Neu Perspectives

Cowboy Camaraderie

horse eating from bucket

It’s hard to hide a horseman. Or a cowboy, rancher, trainer or any equine enthusiast, for that matter.

feeding horse
Photo by Katie Frank

I’ve spoke of the subject before, but it never ceases to amaze me how Western-type folks stick out like a sore thumb when they try to blend in. Sure, there’s the obvious sound of spurs when they walk, or the stock trailer in the parking lot. But even under cover, when you know what to look for, there’s often a telltale sign—the name of a stallion on a ball cap, a certain brand of footwear, or a silver buckle from years ago that will give away a true identity time and again.

There’s a camaraderie, though, among those who jingle when they walk. I’ve always heard that it’s a small world and I’m starting to believe it’s true. There are more social spiderwebs and fun connections in the horse community than I ever would have dreamed to be true. Sure, it means sometimes you have to dodge an ex (or his new girlfriend) in the alleyway of a show or rodeo. But it also means that there is a whole network of helpful and wonderful people that share a love of animals and a lifestyle that is all-consuming.

Some of us are more casual in our horse ownership than others. Shake out a little hay, check the water, make sure nothing is tangled in wire and move on. Others may prefer a more elaborate approach—one with eight different supplements twice a day, followed up by a quick grooming, hoof-picking and detangling of mane knots. Some of us make a living with horses, others are serious non-professionals, and a few are occasional saddle-goers. But we are all involved and willing to take care of the animals who take care of us, whether it’s financially, physically or emotionally.

There are those who crave the limelight. They’ve got collections of buckles and paychecks and short-go stories that are continuously being added to. Some make a living from horses, whether it’s veterinary, training, farrier-work or managing a facility. And others are just happy to be in the presence of their animals, with an occasional ride down the trail, or an evening in the barn making sure all is well.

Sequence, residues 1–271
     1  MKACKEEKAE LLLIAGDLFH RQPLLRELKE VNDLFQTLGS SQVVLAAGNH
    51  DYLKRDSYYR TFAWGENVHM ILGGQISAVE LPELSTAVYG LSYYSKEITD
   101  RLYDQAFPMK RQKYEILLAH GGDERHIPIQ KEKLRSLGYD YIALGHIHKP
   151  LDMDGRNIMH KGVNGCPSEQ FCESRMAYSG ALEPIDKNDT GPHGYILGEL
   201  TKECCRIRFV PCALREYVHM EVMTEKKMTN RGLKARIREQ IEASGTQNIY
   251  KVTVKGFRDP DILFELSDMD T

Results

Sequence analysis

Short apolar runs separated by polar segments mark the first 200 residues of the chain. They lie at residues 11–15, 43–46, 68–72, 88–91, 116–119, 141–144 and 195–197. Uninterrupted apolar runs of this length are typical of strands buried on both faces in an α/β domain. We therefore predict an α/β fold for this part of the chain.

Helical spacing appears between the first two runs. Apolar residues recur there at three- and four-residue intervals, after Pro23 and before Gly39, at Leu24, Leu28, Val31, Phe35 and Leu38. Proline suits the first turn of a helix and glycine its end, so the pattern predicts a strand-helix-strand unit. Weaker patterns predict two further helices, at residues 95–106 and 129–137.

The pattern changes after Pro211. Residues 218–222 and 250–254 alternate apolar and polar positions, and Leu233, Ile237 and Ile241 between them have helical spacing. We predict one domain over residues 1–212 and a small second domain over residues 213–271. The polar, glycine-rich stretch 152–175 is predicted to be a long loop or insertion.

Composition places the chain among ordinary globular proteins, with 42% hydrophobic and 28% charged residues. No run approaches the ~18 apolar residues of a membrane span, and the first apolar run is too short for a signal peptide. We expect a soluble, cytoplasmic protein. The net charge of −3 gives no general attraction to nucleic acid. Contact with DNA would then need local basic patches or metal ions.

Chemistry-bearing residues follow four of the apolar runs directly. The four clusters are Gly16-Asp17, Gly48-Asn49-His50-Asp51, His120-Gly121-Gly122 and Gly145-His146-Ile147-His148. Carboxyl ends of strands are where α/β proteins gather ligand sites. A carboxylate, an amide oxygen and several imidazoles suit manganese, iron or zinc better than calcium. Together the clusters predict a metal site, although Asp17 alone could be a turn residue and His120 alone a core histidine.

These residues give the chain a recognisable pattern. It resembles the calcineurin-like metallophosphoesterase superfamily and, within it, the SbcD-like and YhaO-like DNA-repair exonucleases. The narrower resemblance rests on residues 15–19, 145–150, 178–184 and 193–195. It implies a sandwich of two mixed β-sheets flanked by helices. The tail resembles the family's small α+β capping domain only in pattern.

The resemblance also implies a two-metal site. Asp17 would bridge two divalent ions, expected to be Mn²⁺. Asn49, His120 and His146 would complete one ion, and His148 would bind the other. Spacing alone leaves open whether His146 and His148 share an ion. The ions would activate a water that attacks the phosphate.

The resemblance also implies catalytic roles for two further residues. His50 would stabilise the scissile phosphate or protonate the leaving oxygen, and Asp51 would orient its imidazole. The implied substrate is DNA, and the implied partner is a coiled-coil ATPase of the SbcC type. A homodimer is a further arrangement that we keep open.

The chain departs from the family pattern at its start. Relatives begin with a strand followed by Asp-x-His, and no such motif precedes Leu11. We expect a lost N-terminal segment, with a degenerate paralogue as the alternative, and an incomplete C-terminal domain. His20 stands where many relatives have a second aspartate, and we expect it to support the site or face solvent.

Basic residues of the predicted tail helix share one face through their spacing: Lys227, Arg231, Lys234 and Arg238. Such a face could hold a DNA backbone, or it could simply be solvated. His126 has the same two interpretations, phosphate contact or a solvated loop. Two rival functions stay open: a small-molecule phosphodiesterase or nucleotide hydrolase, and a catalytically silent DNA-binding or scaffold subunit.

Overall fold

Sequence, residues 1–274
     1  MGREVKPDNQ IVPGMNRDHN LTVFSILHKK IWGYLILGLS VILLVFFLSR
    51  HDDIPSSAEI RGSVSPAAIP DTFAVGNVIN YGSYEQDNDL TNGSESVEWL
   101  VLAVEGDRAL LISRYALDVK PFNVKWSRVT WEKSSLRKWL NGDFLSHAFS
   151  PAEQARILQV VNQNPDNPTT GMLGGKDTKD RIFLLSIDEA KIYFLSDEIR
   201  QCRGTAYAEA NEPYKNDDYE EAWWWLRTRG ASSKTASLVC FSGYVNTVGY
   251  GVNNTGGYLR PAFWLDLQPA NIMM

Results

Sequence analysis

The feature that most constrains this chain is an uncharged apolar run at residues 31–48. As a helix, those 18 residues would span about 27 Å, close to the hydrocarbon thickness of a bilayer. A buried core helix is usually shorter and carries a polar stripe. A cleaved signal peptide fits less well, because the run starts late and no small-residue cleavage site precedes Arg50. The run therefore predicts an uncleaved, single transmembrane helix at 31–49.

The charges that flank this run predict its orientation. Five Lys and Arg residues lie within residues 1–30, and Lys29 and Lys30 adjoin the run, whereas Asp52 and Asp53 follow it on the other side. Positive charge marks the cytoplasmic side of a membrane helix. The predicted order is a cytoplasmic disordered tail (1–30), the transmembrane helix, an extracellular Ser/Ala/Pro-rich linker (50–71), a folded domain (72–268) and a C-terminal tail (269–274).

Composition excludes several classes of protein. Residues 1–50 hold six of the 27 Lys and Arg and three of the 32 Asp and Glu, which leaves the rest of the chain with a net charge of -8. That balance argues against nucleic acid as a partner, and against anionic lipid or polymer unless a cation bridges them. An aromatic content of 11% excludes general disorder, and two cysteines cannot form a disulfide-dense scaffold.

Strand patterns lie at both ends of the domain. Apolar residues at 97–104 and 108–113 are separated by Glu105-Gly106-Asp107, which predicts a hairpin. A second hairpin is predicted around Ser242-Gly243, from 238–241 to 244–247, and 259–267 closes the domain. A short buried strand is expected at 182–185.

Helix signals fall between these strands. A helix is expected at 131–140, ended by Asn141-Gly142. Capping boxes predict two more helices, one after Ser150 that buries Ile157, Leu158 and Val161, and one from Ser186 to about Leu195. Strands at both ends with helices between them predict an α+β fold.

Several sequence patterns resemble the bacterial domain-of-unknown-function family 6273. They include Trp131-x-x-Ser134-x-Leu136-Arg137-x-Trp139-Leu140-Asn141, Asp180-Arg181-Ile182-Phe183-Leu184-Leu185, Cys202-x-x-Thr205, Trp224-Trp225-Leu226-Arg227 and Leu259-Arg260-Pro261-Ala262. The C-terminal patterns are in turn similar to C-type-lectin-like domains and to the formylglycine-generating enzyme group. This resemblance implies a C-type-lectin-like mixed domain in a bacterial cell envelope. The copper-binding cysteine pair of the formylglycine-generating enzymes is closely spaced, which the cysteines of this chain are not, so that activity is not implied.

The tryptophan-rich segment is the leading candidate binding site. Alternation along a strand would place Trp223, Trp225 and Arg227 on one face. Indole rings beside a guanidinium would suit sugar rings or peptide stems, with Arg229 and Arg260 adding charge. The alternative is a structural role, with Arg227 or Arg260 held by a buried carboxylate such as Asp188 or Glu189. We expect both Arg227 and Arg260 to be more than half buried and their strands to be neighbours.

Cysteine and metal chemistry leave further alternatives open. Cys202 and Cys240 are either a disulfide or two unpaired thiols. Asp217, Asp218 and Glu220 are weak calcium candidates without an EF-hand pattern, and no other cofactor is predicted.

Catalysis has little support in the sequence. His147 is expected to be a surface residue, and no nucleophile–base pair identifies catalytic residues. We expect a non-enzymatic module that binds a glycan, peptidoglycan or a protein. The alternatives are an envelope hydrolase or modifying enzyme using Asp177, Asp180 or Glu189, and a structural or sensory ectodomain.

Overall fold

Sure, like anywhere else, there are the weasels, shysters and smooth-talkers who will sell an unassuming person the wrong horse. There are folks who will take advantage of others and some who just flat-out don’t do a great job of caring about their horses and cattle. But overall? I’ve found that our cowboy-type community is a warm, welcoming, helpful and incredible place in which to be involved.

And it’s true, sometimes, under the dusted layers on our faces and under our brimmed hats, we tend to look a little weary from time to time. We sacrifice luxurious, carefree vacations because we fear a colic crisis. We hassle with town trips, haphazardly parking our heavy, muddy pickups instead of zipping perfectly between lot lines in our sporty, shiny coupes (because we all know that convertible won’t haul a trailer!) And don’t even get me started on the ratio of bank account balances to silver bits and spurs hanging in the tack room (I won’t even mention the custom saddles).

See, at the end of the day, we are all here because there’s something about the horse that brings goodness into our lives. We all share a common thread, which is the incredible equine. Sure, we might be quirky, smell a little funny, and have a hard time committing to events that don’t have something to do with our small little cowboy world. And yes, we stick out like a sore thumb.

 But on the flip side, you can be assured that we are all very (ahem) stable people. 

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